COLUMBIA, Md. — The combined Credit Managers’ Index (CMI) of the National Association of Credit Management for September rose to 49.8, bouncing back from a nearly stagnant August on the strength of some dramatic improvements in dollar collections and in reductions in accounts placed for collection and dollar amount beyond terms.
September saw the biggest improvement in these sectors in almost a year. Throughout the last year, the most distressing numbers seemed to be in these categories, which is expected in the middle of a recession. Even companies surviving the downturn were likely falling behind in bills or choosing to delay payments in an attempt to preserve cash flow. Now there is some sense that customers are starting to catch up and get current with their creditors.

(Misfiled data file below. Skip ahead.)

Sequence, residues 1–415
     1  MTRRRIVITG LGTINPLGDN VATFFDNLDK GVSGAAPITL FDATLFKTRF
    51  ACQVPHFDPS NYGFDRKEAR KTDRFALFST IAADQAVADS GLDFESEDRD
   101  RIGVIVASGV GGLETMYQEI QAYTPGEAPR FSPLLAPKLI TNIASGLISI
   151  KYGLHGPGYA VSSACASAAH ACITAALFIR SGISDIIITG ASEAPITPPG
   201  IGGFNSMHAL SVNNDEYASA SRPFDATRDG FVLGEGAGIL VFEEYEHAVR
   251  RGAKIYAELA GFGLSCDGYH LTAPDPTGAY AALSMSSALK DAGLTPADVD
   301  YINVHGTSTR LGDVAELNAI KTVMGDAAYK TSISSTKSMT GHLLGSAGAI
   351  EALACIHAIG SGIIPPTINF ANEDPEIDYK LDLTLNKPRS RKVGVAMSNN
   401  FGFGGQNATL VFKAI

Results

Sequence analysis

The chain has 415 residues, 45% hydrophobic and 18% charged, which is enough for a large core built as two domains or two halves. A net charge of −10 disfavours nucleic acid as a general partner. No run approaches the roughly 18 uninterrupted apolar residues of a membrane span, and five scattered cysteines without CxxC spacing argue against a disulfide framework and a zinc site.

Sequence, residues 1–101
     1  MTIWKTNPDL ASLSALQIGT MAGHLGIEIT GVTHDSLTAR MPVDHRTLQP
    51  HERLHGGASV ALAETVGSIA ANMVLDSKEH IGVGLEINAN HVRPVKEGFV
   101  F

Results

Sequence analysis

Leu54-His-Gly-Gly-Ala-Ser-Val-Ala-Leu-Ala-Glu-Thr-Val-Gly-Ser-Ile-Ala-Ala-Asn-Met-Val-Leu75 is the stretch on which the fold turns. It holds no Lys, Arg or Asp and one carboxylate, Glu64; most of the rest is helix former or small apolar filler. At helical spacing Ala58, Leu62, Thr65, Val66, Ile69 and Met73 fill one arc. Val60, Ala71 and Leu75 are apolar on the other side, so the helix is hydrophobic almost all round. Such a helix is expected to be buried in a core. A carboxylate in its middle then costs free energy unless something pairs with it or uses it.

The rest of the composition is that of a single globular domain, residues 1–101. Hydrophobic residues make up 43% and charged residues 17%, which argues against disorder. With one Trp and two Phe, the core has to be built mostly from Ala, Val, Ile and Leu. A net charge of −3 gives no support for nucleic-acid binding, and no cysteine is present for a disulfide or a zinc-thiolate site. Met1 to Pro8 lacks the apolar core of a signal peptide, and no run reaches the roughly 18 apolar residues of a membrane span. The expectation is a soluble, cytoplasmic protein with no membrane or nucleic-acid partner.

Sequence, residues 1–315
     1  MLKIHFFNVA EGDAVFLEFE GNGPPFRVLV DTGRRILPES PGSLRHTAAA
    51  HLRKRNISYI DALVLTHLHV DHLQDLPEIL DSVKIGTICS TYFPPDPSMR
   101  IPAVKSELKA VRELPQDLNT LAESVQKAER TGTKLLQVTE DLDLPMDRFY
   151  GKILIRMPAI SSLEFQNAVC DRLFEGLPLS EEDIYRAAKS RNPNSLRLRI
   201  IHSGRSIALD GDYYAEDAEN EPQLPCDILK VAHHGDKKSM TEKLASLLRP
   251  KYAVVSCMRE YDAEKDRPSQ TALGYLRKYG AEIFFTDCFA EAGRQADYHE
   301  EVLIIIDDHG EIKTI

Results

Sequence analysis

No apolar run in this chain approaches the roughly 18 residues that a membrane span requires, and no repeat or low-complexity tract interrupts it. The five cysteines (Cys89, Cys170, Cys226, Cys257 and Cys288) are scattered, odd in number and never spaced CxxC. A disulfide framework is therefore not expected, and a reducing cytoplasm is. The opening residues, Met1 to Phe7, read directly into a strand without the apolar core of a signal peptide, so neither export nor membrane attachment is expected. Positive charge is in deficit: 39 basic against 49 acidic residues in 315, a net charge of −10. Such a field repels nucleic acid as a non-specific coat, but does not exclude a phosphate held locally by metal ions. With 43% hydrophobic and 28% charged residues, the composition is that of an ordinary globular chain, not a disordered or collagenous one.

The rate of dollar collections has not been this positive since Sept. 2008, just as the economy started to seriously bottom out. The number of accounts placed for collection has declined and is lower than any point since last summer. Dollar exposure is also the lowest since summer 2008. These index readings suggest that there is a marked improvement in credit performance.